Darfur Debated

Roberta Cohen
Roberta Cohen Former Brookings Expert, Co-Chair Emeritus - Committee for Human Rights in North Korea

December 1, 2007


Bruising debates within the human rights and humanitarian communities have centered on the numbers who have died in Darfur, the use of the term genocide, the efficacy of military versus political solutions and the extent to which human rights advocacy can undermine humanitarian programmes on the ground.

Essential to effective planning in an emergency is knowing the scope of the disaster, the number of civilians who died, and from what cause. Yet in the Darfur emergency it has proved particularly difficult to affirm with any certainty the number of people who have perished and in what way. The principal obstacle has been the government of Sudan. Itself directly involved in ethnic cleansing, it has prevented compilation of credible mortality statistics. While the loss of life from the Israeli-Hizbollah conflict of 2006 was precisely determined, thus allowing families and communities to mourn, there has been a systematic effort by the regime of Omar Hassan al-Bashir to cover up the death toll in Darfur. The government of Sudan has claimed that only 9,000 have died. The UN, however, says that more than 200,000 have perished whereas Amnesty International estimates 300,000 (95,000 killed and more than 200,000 dead from conflict-related hunger or disease) and the Save Darfur Coalition, an umbrella group of NGOs, places the total at 400,000.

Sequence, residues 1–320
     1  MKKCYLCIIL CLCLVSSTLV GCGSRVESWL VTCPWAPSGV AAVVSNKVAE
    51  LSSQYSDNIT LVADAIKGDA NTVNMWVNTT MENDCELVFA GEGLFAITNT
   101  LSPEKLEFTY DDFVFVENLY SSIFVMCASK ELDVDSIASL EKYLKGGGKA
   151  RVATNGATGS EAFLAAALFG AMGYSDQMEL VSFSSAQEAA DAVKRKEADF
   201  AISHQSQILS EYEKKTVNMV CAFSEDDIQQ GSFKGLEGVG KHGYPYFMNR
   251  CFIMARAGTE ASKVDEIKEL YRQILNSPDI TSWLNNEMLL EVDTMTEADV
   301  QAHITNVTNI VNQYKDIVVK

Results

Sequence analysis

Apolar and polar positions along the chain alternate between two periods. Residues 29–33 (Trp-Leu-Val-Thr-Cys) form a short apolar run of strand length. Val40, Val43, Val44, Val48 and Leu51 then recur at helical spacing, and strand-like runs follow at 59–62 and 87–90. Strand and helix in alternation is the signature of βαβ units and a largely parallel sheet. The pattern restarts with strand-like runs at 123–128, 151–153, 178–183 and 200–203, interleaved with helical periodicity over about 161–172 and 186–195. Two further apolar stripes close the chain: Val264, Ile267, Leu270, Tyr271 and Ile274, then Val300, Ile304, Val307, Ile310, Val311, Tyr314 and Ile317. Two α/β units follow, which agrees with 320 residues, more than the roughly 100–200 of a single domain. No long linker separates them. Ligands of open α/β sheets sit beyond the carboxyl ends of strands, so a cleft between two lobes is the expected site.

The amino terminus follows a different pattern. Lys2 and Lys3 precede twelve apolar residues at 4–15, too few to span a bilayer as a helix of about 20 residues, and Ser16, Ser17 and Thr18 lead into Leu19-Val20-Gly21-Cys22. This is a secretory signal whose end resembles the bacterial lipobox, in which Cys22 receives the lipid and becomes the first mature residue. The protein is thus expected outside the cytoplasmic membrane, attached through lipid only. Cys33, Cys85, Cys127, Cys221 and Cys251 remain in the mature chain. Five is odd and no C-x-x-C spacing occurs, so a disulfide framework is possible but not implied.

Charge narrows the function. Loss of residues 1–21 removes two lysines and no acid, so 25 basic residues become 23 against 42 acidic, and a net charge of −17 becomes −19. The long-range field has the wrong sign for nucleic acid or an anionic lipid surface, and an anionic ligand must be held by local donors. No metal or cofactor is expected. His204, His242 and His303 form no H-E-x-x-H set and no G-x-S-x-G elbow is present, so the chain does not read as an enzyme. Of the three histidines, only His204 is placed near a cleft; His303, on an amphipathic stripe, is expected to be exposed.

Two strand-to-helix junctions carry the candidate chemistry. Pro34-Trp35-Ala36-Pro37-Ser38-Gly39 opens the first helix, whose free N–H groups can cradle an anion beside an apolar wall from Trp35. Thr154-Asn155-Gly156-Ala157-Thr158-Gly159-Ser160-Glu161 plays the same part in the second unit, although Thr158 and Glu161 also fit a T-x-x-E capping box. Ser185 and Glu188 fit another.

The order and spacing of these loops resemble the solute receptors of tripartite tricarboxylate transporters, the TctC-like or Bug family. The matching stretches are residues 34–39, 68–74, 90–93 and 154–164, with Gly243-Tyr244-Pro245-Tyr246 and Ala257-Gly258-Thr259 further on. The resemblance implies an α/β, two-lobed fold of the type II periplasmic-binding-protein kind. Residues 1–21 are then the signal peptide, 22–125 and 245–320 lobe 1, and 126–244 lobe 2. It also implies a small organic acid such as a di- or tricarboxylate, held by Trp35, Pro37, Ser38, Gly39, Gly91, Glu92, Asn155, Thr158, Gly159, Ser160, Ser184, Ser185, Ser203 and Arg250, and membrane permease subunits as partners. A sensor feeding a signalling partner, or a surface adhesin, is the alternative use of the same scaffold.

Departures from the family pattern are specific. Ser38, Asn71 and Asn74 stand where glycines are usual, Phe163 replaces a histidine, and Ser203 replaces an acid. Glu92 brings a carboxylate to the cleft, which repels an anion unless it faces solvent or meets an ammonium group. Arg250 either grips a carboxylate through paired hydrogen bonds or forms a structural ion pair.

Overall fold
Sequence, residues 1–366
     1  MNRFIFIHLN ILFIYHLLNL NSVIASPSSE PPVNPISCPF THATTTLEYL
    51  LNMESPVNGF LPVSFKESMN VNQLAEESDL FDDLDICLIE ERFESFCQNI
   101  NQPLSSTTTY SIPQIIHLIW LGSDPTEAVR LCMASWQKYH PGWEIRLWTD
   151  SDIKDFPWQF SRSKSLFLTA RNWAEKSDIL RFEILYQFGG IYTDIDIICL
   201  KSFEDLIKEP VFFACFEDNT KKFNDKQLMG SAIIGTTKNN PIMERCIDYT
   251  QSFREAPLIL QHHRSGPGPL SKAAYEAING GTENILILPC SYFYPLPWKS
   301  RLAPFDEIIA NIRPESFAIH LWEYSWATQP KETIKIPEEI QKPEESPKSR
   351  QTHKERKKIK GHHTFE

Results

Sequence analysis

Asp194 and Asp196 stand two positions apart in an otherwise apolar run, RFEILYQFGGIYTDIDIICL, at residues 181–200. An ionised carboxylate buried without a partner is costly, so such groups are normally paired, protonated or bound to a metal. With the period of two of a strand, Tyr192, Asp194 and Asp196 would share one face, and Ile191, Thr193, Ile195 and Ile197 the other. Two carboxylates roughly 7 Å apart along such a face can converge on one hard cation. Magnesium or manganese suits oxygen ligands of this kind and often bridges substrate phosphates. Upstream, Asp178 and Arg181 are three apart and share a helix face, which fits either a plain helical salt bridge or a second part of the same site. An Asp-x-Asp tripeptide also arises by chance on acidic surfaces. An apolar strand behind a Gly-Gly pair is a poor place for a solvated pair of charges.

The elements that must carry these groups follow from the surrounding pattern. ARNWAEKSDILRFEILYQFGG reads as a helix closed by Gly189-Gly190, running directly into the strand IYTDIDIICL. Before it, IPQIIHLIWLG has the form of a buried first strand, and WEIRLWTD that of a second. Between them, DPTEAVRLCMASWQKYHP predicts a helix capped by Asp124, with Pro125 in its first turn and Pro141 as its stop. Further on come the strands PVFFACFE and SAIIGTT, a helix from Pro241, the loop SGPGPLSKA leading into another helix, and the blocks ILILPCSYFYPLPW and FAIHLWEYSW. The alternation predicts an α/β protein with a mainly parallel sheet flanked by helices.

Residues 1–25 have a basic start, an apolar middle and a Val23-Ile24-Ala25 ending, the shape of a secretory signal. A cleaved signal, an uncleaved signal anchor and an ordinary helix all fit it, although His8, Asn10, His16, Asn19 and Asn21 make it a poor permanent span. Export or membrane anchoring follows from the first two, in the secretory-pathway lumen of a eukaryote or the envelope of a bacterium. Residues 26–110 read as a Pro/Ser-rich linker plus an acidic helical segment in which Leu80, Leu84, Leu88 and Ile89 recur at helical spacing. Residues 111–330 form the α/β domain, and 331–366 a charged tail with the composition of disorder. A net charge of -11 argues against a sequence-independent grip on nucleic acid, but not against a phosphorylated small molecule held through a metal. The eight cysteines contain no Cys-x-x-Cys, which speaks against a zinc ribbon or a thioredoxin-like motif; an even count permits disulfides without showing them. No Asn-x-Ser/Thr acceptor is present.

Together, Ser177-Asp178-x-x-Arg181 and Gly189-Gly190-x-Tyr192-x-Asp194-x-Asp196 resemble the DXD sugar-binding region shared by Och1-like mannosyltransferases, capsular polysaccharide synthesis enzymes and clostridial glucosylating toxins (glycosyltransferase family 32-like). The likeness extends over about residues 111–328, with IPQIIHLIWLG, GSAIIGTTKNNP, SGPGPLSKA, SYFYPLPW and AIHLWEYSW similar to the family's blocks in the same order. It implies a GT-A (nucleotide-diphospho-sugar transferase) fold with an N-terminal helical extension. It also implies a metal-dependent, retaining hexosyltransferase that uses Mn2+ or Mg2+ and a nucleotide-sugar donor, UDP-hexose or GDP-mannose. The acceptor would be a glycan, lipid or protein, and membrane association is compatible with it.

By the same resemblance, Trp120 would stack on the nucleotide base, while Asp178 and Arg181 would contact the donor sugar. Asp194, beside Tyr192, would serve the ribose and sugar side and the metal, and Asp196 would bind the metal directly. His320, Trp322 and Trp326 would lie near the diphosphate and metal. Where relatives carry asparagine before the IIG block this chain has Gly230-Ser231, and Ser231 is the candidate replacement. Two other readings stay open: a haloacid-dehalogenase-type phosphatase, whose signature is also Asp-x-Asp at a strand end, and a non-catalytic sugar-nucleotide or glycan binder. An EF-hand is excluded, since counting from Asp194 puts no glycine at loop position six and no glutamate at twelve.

This wide range of estimates has generated intense disputes about how the statistics have been developed, time frames used and whether all causes of death (killings as well as starvation and disease) have been included. Deliberately underestimating the numbers can contribute to international inaction but, on the other hand, exaggerating death tolls in order to raise the alarm can undermine credibility and put into doubt all statistics. It can also make constructive dialogue more difficult and lead the Sudanese regime to put further obstacles in the way of aid deliveries since it makes no distinction between advocacy groups and relief suppliers.

The debate over numbers points up the absence both of standardised data collection and of an authoritative international body with the mandate and authority to collect and disseminate mortality and morbidity data in emergencies. Without such a body, different actors, whether governments, UN agencies, NGOs or experts will continue to make their own ad hoc estimates of mortality in emergencies, with the result that nobody really knows the scope of the crisis.

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